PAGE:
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Table of Contents

2019 Month : December Volume : 8 Issue : 52 Page : 4002-4004

Impact of Tobacco Addiction on Mean Visual Reaction Time of School Bus Drivers.

Garima Shah1, Rajni Soni2, Manjula Mehta3

1Department of Physiology, SAIMS, Indore, Madhya Pradesh, India. 2Department of Physiology, MGM Medical College, Indore, Madhya Pradesh, India. 3Department of Physiology, MGM Medical College, Indore, Madhya Pradesh, India.

Corresponding Author:
Dr. Manjula Mehta,
Assistant Professor,
Department of Physiology,
MGM Medical College,
Indore, Madhya Pradesh, India.



Visual reaction time is a reliable indicator to assess the processing capability of central nervous system and sensory motor performance in response to an external stimulus. The present study aimed to assess the impact of tobacco addiction on mean visual reaction time among school bus drivers.


A total of 100 male drivers were recruited, of which 74 were non-addicts who served as the control group and 26 were addicts. Background data was recorded using questionnaire and the visual reaction time was recorded for the two groups and compared.


The observations revealed that the visual reaction time was delayed in tobacco addicts as compared to that in controls.


The authors concluded that tobacco addiction may pose a threat as delayed visual reaction time may lead to road traffic accidents.


Tobacco, Reaction Time, Drivers

How to cite this article

Shah G, Soni R, Mehta M. Impact of tobacco addiction on mean visual reaction time of school bus drivers. J. Evolution Med. Dent. Sci. 2019;8(52):4002-4004, DOI: 10.14260/jemds/2019/865


Reaction time is defined as an interval of time between the application of stimulus and the initiation of appropriate voluntary response under the condition that the subject has been instructed to respond as rapidly as possible. [1] Thus, it indicates the time taken by an individual to react to external stimulus. [2] Reaction time may be considered as an indirect index of the integrity and processing ability of the central nervous system. It remains to be a simple, non-invasive means of determining sensory-motor co-ordination and performance of an individual. [3, 4]A part of population where- in the visual reaction time holds utmost importance is that of drivers. Having a low reaction time while applying brakes, or in quick manoeuvring, may turn out to be life- saving for both the driver and passengers. But there may be several factors, internal as well as external, which may affect the visual reaction time in drivers. One such factor is tobacco addiction.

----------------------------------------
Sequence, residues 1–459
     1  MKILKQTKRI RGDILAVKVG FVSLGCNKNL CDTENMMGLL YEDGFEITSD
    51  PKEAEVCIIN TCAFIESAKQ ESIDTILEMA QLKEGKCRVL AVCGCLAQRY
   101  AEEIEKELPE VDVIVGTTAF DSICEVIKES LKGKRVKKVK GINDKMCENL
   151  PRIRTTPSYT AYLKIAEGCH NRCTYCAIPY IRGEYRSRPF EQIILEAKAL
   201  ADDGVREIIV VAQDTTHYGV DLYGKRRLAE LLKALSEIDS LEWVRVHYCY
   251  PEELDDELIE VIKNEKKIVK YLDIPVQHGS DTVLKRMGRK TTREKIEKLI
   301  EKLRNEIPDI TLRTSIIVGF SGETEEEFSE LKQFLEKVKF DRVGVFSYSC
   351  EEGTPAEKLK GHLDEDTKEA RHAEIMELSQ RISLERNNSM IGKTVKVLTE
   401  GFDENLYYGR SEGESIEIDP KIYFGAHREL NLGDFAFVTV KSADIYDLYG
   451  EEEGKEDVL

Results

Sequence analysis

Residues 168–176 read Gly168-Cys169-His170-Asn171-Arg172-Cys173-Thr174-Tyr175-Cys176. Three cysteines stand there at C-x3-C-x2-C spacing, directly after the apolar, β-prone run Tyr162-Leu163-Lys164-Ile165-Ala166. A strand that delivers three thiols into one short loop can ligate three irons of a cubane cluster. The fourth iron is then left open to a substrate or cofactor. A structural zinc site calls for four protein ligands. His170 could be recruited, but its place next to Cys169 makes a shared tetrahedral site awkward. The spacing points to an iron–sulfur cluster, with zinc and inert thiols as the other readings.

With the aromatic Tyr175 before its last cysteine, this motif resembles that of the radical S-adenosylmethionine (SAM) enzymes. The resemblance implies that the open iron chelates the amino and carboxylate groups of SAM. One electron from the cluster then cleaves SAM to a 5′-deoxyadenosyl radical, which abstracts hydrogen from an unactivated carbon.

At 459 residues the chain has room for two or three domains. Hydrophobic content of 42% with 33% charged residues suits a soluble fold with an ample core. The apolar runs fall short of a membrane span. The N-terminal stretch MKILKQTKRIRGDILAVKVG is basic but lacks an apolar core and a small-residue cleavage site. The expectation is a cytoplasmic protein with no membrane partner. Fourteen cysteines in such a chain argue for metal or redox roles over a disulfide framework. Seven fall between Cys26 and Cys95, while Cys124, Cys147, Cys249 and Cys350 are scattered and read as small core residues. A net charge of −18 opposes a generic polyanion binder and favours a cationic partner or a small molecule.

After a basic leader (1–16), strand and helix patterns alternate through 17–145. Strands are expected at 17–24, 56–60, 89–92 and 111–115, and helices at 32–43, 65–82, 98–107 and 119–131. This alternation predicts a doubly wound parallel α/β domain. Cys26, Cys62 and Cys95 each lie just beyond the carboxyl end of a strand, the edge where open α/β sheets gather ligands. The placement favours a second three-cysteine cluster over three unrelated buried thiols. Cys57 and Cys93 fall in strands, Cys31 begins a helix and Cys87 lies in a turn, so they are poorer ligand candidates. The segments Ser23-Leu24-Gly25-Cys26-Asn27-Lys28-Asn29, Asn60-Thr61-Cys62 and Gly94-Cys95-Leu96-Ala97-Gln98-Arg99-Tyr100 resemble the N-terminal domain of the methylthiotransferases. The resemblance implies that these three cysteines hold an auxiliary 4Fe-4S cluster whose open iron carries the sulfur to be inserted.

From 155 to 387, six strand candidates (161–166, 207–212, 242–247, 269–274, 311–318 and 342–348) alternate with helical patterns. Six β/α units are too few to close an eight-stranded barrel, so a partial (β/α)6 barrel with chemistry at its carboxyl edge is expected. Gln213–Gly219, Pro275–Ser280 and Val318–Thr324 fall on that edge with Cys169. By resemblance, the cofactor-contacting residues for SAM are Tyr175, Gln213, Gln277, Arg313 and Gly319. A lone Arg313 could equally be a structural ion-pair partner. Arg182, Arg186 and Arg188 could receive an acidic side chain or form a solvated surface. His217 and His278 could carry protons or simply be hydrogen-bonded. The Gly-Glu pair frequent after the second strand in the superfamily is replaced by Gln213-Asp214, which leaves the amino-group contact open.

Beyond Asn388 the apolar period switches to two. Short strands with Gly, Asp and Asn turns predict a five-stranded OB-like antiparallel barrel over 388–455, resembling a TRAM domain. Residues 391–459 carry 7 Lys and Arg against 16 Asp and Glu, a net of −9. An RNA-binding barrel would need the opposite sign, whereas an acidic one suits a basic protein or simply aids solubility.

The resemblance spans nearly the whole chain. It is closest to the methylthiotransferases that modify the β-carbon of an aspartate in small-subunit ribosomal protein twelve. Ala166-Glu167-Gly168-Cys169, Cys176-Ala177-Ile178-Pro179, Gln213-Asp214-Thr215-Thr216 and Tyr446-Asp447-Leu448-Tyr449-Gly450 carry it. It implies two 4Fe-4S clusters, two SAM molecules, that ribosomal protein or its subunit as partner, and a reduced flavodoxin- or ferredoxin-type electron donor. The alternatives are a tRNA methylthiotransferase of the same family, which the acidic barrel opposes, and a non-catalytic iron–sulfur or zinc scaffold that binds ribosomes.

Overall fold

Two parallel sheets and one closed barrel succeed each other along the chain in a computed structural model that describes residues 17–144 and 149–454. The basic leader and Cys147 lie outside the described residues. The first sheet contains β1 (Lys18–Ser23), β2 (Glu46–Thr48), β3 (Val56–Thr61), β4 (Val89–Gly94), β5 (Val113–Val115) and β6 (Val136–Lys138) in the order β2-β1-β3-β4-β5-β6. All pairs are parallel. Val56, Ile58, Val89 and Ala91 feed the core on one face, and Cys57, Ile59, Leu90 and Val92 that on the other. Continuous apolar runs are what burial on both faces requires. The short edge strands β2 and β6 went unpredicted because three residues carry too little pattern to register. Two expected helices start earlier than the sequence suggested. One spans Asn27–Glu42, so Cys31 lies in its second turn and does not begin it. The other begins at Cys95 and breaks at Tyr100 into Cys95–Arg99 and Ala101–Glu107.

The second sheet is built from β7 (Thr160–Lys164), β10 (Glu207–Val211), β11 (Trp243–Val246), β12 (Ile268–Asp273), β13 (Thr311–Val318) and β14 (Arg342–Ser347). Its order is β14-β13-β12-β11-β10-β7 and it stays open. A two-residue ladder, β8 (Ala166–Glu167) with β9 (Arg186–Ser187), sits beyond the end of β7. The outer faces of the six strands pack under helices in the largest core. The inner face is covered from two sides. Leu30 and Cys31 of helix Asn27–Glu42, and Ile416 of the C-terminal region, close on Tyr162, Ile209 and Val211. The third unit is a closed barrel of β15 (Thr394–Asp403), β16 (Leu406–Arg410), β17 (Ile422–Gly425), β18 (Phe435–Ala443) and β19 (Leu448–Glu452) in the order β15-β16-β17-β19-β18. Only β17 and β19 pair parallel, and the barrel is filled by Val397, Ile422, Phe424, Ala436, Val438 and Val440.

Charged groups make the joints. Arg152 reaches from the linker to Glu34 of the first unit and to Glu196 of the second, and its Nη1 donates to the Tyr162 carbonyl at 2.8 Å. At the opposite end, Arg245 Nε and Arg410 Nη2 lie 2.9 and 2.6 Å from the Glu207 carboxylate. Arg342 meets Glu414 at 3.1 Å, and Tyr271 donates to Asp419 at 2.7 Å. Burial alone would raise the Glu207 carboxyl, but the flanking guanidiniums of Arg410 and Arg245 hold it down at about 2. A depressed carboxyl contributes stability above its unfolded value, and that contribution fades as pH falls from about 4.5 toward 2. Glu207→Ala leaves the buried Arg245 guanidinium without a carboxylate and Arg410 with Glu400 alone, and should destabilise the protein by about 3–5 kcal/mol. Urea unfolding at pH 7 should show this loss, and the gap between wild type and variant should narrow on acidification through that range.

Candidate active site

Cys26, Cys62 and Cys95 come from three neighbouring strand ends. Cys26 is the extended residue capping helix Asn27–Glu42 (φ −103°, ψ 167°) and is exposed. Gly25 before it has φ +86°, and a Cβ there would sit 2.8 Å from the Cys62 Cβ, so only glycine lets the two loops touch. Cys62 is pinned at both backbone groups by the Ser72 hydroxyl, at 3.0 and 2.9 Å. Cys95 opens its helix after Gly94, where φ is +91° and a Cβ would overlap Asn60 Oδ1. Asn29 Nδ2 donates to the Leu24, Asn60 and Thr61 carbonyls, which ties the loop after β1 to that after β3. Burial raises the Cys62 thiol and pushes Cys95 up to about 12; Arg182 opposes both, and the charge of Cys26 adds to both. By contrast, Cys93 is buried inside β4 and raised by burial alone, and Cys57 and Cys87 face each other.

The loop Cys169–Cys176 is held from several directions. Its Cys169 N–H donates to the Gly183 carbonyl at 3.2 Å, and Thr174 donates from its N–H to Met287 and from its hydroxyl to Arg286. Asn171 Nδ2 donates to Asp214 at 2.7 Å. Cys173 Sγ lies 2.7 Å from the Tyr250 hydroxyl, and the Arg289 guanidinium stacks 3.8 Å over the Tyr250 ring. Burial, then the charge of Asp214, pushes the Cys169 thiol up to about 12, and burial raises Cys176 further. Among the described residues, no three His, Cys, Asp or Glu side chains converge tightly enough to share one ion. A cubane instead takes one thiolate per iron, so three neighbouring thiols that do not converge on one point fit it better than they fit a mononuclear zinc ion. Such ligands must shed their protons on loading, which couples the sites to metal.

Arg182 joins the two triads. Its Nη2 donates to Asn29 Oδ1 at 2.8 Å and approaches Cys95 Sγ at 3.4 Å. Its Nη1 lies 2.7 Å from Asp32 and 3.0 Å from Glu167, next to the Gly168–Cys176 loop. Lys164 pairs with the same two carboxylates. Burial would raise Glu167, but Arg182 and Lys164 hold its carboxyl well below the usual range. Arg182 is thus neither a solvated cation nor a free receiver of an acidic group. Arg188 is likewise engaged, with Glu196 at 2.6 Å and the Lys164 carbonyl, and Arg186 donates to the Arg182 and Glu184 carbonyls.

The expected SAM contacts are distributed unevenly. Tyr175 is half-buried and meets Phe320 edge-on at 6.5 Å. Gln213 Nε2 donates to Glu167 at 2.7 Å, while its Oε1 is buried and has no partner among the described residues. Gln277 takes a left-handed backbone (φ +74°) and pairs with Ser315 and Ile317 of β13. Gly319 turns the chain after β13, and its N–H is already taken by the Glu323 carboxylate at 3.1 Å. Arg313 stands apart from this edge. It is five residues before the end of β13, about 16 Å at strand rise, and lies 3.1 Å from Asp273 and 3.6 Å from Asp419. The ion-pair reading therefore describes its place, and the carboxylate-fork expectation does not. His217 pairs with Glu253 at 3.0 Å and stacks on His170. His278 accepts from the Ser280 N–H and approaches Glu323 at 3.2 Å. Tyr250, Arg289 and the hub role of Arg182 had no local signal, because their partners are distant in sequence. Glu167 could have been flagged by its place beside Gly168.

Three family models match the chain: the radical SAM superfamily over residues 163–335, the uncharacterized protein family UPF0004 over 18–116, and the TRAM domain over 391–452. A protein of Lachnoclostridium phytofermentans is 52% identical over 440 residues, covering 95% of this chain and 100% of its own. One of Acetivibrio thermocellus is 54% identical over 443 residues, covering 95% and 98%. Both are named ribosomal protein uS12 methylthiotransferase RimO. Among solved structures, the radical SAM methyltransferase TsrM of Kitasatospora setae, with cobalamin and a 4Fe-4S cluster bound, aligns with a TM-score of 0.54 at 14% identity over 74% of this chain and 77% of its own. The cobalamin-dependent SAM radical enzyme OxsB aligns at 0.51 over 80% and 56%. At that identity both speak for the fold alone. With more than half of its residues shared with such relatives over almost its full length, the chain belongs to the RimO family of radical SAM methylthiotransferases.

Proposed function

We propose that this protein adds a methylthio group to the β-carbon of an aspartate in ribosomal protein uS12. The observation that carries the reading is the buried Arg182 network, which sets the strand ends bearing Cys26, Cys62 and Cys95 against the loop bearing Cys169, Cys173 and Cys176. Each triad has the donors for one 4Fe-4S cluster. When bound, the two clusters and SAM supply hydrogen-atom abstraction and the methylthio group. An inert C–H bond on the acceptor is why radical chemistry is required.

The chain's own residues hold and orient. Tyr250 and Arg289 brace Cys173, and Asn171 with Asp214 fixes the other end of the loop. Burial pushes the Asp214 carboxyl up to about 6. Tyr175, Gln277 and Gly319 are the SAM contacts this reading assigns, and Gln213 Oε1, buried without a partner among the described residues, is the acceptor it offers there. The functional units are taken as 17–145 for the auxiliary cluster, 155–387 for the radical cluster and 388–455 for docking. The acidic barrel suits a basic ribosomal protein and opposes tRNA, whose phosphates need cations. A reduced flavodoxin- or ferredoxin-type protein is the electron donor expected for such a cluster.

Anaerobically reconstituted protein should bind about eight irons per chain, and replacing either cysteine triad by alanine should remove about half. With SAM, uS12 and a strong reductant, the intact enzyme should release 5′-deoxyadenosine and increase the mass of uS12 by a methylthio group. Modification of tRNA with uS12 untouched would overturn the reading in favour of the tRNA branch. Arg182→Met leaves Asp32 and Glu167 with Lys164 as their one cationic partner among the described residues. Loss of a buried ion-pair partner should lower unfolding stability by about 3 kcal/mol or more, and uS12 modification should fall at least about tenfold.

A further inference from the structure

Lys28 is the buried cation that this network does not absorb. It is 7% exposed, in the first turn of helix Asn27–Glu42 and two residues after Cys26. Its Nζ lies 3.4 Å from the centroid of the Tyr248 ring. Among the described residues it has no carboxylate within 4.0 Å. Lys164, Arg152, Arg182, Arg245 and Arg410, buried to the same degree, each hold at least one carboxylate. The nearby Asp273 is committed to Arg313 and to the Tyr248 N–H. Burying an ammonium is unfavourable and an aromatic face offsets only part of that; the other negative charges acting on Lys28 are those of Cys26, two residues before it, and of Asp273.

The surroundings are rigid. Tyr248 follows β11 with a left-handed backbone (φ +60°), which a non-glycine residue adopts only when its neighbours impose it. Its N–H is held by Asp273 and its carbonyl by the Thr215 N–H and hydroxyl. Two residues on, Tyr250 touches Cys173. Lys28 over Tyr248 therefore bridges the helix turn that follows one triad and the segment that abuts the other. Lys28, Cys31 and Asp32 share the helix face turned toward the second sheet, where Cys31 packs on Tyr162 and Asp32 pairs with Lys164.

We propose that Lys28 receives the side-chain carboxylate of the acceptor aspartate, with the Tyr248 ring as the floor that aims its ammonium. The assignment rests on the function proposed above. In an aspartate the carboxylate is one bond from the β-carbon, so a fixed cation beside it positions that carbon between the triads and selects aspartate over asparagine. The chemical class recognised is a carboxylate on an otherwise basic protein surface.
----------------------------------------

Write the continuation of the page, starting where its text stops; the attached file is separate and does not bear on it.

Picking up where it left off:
The prevalence of tobacco addiction in India is very high. With an increasing use of both smoking and smokeless forms of tobacco, the prevalence of its use varies from 7-60% between the states. It has been found that the commonest form of tobacco used by drivers is Gutka. The habit is initiated among them as early as 15 years of age, peer pressure and work stress being the most common cause for the same. High knowledge and awareness do not discourage them from quitting the habit. [5] Tobacco use has been often associated with negative effects on several cognitive functions. One form of cognition, which serves as a powerful means to assess the integration of sensory, motor and coordination system of the body in response to an external stimulus is the reaction time. [6]

                Thus, the present study was conducted with the objective of comparing the visual reaction time of bus drivers who are tobacco addicts, to the control non- addict bus drivers. The hypothesis was that the reaction time of addicts may be delayed as compared to the non-addicts.


A cross- sectional study was conducted in the Department of Physiology, Mahatma Gandhi Memorial Medical College, Indore (M.P. ). The study population consisted of school bus drivers. Purposive sampling was carried out by the primary investigator. Sample size was calculated using data from previous studies considering p<0. 05 as acceptable with a power of 80% and the following sample size formula

n= 2 (Za + Z1 – β) 2 σ 2 /∆2

was used for the same, deriving a sample size of 100. [7] School bus drivers, meeting the inclusion criteria, who gave their oral and written informed consent to participate in the study, were recruited. Ethical approval was obtained from Ethics and Scientific Review Committee M. G. M. Medical College M. Y. Hospital, Indore. Inclusion criteria were school bus drivers of age group 20-50 years, healthy males, driving the vehicle for more than one year, having no auditory or visual disturbances and those who are not taking any sedative or hypnotic or anti-allergic medicine.

Recording the Reaction Time